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Vice President's Blog 11 July 2017

Food has been taken for granted in the UK for far too long, writes NFU Scotland Vice President in his latest blog.

There has been a lot of talk recently about how the future of agriculture will fare in Scotland, and indeed the whole of the UK post-Brexit. I believe that both farming and crofting has a very positive future if the people who take the decisions have the political will to listen to the industry.

Alternatively, if this is not the case then I fear that the lack of political will is not going to be our only problem. Farmers and crofters will lose the will to do the job they are good at because of such little return, severely endangering food security and our precious environment.

We still get questioned on a regular basis about the need for support in what we do. There is now a greater need for support than there ever has been particularly in the hill livestock sector but equally in other parts of the industry.

The reason for this is because in real terms food is still far too cheap relative to its cost of production. If food had risen at the same inflation rate as house prices over the last 40 years then a four-pint carton of milk would cost £10.45, a roast chicken would be £51.18, a loaf of white bread would be £4.36 and a leg of lamb would cost you £53.18.

At these prices I couldn't agree more that future support for agriculture is not required but unfortunately this is not where we are.

In 1974, you could buy a new Ford 5000 tractor for around £2,300 which 30 tonnes of barley would easily pay for. Now 600 tonnes of barley wouldn't even look at the price of an equivalent tractor.

We now only spend eight per cent of our income on food instead of 40 per cent. Food really has been taken for granted for far too long.

Yes, Scottish farmers and crofters receive around half a billion pounds worth of support each year but no one ever mentions the £2.8 billion we spend on our businesses to keep them going, this money keeps the supply industry going and is vital to the rural economy - that's a huge return on investment.  

Scotland's food and drink sector is worth over £14 billion to the Scottish economy with ambitious targets to reach £30 billion by 2030. That's all very well, but unless we can see a bit more recognition for what we are doing for the economy and the environment then these ambitious targets will only be a pipe dream.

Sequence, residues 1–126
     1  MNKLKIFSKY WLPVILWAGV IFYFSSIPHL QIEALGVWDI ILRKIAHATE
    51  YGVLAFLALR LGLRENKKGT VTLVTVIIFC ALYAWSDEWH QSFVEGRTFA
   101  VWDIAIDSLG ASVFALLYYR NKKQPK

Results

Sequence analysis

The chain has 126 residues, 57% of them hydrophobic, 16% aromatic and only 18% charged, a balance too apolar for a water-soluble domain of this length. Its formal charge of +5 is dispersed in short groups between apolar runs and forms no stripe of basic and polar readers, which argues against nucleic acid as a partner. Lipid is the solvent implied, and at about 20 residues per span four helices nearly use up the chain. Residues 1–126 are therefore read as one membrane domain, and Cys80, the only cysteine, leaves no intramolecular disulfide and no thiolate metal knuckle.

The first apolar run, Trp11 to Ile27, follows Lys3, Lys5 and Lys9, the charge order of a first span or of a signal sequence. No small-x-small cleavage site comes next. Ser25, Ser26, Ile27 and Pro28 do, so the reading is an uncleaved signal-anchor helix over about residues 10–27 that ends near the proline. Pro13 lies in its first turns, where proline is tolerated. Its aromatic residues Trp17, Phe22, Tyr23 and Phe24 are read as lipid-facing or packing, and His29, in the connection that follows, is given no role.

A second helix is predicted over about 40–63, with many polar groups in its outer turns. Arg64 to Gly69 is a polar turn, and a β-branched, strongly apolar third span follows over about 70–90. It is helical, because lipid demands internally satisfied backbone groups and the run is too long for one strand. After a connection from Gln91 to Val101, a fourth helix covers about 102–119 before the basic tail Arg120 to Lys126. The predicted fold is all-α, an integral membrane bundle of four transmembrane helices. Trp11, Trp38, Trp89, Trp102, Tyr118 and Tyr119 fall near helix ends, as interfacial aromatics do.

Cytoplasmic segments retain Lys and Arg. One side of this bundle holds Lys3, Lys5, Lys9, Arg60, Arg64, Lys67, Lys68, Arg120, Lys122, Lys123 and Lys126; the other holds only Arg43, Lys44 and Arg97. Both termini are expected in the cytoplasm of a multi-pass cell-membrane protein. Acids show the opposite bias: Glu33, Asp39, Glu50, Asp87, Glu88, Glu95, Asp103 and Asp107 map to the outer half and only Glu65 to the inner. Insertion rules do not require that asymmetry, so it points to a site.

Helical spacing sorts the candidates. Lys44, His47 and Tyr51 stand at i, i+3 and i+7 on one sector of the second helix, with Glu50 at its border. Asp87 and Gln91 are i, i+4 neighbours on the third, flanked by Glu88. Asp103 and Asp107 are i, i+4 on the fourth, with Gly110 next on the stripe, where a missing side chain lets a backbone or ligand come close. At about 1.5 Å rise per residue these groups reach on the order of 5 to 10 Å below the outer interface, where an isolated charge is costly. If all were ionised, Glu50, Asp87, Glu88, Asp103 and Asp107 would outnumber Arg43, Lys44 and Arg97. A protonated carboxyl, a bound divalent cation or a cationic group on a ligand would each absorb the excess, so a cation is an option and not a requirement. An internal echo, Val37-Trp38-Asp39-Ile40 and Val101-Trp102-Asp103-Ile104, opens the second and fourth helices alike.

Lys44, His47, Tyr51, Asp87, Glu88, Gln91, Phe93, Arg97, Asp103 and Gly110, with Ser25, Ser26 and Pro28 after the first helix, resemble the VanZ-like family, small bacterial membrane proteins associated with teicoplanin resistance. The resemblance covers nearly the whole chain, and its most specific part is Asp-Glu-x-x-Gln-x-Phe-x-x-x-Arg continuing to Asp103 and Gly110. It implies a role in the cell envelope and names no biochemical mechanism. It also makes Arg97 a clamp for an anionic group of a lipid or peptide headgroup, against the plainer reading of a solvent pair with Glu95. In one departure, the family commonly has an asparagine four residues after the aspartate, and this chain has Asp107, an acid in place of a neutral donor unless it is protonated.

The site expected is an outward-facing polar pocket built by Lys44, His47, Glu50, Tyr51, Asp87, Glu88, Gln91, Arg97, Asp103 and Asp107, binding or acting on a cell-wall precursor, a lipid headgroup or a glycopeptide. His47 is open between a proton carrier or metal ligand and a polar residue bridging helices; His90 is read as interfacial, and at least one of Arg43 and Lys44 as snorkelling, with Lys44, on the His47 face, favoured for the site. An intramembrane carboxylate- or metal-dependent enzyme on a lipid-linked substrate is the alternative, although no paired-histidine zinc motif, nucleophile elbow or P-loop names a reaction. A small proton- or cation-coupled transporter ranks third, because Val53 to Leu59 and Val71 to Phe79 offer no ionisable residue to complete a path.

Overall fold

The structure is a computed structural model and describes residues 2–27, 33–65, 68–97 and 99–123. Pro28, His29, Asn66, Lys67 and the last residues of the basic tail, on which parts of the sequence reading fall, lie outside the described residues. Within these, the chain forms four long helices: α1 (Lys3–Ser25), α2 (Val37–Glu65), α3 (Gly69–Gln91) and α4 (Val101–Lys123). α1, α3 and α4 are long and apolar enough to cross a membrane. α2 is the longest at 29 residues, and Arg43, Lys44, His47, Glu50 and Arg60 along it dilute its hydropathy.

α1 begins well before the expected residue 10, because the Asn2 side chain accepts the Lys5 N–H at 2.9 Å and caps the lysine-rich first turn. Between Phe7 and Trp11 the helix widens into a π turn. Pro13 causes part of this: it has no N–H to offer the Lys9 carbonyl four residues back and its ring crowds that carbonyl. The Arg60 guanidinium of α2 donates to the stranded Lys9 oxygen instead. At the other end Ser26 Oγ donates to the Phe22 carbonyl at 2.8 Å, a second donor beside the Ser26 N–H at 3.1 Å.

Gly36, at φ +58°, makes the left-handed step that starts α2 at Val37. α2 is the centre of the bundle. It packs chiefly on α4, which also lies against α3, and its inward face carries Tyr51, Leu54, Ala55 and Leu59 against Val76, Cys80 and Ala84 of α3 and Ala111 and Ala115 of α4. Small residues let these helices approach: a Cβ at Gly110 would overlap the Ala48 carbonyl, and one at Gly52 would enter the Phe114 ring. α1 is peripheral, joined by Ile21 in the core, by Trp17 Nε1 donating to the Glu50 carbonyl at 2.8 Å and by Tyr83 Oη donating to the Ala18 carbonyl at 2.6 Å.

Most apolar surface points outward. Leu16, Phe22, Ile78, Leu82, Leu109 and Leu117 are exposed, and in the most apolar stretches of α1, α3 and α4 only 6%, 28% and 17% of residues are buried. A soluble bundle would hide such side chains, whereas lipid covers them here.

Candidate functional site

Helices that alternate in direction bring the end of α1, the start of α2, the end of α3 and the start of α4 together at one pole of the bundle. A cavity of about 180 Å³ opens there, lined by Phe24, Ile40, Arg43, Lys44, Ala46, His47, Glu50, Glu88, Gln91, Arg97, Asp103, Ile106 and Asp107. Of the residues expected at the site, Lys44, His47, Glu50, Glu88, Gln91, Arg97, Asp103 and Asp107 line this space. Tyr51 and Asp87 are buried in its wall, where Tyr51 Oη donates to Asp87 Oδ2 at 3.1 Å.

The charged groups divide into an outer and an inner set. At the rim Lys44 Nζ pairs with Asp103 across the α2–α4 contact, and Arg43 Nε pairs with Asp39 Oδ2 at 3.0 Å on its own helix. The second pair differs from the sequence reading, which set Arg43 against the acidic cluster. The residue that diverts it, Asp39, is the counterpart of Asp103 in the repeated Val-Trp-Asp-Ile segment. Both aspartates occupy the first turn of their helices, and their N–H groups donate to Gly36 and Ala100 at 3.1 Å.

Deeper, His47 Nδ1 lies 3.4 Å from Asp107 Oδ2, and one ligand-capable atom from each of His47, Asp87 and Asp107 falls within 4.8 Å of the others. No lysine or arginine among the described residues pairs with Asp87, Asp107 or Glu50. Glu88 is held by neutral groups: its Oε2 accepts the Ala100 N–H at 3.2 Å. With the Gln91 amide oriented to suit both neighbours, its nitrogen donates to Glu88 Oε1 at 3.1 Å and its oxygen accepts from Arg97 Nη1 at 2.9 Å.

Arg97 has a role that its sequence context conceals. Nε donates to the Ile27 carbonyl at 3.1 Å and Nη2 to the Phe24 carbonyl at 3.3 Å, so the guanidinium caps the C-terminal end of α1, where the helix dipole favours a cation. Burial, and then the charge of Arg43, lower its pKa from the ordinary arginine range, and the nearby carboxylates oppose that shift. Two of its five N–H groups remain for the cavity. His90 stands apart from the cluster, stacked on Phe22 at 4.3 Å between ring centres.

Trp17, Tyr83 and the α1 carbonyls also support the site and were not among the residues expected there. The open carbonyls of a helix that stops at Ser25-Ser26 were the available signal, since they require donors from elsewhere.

Agriculture is facing crisis and unless farmers and crofters either receive much more for their products, or are supported to at least the current level, then the whole of the UK will become reliant on imported food.  The result of this would be that we have no food security and no ability to feed our own country.  Instead we would become totally reliant on others selling to us and the standards that others set for their food production.

At the Royal Highland Show this year, as our President highlighted in his last blog, NFU Scotland launched CHANGE - a discussion document, A New Agricultural Policy for Scotland Post-Brexit.

This document has the potential to create the correct environment for this industry to prosper, and to also create the correct environment to allow the next generation to get involved and take the industry forward by being even more innovative and efficient. This document broadly covers pretty much everything that is required to get the industry on the right track. We will be going around the country throughout this year filling out the detail, taking on board what our members’ views are on it to tweak a new policy direction that will ideally be beneficial to all.

It is absolutely vital that those in the position of making decisions over the next two years listen to the people who understand what happens on the ground as these decisions will ultimately shape the future of agriculture and the rural economy post-Brexit. NFU Scotland will be doing all it possibly can to influence and shape these decisions.

Author: Martin Kennedy

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Andrew Moir

130 days ago

Thanks Martin, good clear stats that our customers can understand. Also need for recognition that we are custodians of this green and pleasant land, benefiting tourism, wildlife and environment.
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About The Author

Martin Kennedy

Martin is married with three daughters and farms with his wife Jane in Highland Perthshire on a hill farm rising to 2,500ft. They have 600 breeding ewes, 30 continental cows and 30 Highlanders. Martin served two years as Highland Perthshire branch President, he first represented East Central region on the LFA committee in 2009 before being elected as Vice Chairman for three years. He is currently serving his second year as Chairman. He is a past chairman of Aberfeldy Show and Highland Games, a post he held for six years.

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